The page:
Of course, this is not to excuse such behaviour but to show what they may have been thinking about. We know that Sarah and Rachel went many years without bearing a child and the frustration that it caused both of them until they did finally bear a child. Sarah and Abraham sinned when they tried to produce offspring through Sarah’s maid Hagar, rather than waiting for God to fulfil His promise that Sarah herself would become pregnant, and the consequences were disastrous.
We all have to live with the consequences of our actions. They did not put their reliance on God, (as Abraham and Sarah at first doubted God’s word as well.) We know that Galatians 6:7 reveals: “Do not be deceived, God is not mocked; for whatever a man sows, that he will also reap.” There are always consequences for our actions, whoever we are.
There were a lot of factors to take into account, but Lot’s daughters made a decision that would reverberate with the nation of Israel in the future. Reviewing some of the commentaries about this incident are very helpful.
Matthew Henry’s Concise Commentary states:
“See the peril of security. Lot, who kept chaste in Sodom, and was a mourner for the wickedness of the place, and a witness against it, when in the mountain, alone, and, as he thought, out of the way of temptation, is shamefully overtaken. Let him that thinks he stands high, and stands firm, take heed lest he fall. See the peril of drunkenness; it is not only a great sin itself, but lets in many sins, which bring a lasting wound and dishonour. Many a man does that, when he is drunk, which, when he is sober, he could not think of without horror. See also the peril of temptation, even from relations and friends, whom we love and esteem, and expect kindness from. We must dread a snare, wherever we are, and be always upon our guard. No excuse can be made for the daughters, nor for Lot. Scarcely any account can be given of the affair but this, The heart is deceitful above all things, and desperately wicked: who can know it? From the silence of the Scripture concerning Lot henceforward, learn that drunkenness, as it makes men forgetful, so it makes them to be forgotten.”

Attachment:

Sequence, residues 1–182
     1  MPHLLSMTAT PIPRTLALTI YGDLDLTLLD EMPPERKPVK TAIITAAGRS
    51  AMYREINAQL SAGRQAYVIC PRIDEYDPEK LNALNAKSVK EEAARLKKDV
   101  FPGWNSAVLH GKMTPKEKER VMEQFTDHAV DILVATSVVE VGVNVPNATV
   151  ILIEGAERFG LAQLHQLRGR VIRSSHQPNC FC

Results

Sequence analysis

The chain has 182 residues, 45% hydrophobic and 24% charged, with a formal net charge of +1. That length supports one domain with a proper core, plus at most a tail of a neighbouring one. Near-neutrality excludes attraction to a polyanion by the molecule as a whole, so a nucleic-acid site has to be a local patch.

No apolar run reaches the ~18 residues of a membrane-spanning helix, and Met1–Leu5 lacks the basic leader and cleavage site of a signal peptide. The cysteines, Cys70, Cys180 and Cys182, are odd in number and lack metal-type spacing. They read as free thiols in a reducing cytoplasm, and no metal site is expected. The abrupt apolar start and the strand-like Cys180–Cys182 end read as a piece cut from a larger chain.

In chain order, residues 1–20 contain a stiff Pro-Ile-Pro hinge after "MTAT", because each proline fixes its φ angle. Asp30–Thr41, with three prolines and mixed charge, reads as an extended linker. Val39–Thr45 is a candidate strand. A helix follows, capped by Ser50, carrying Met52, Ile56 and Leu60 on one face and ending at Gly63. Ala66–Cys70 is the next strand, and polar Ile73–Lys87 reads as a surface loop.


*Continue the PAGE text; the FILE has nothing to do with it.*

As mentioned above, Lot did not become drunk “voluntarily,” but he gave in to his two daughters who gave him too much wine, and so, wanting to please them, he drank too much, which he should have refused to do. As a consequence, he became “insensible to their action” (Ryrie Study Bible).
Keil and Delitzsch Biblical Commentary on the Old Testament says:
“But Lot’s daughters had so little feeling of shame in connection with their conduct, that they gave names to the sons they bore, which have immortalized their paternity. Moab, another form of ‘from the father,’ as is indicated in the clause appended and also rendered probable by the reiteration of the words ‘of our father’ and ‘by their father’ (Genesis 19:32, Genesis 19:34, and Genesis 19:36), as well as by the analogy of the name Ben-Ammi equals Ammon. This account was neither the invention of national hatred to the Moabites and Ammonites, nor was it placed here as a brand upon those tribes. These discoveries of a criticism imbued with hostility to the Bible are overthrown by the fact, that, according to Deuteronomy 2:9, Deuteronomy 2:19, Israel was ordered not to touch the territory of either of these tribes because of their descent from Lot; and it was their unbrotherly conduct towards Israel alone which first prevented their reception into the congregation of the Lord, Deuteronomy 23:4-5. – Lot is never mentioned again… even his death is not referred to. His descendants, however, frequently came into contact with the Israelites; and the history of their descent is given here to facilitate a correct appreciation of their conduct towards Israel.”
We read in the New Unger’s Bible Dictionary the following information about Moab and Ammon:
“Moab (perhaps ‘from father’). The starting point for both was in the vicinity of Zoar. Thence the roving Ammonites went to the NE whereas the more peaceful Moabites remained near their ancestral home displacing the Emim (Deuteronomy 2:11; cf Genesis 14:5).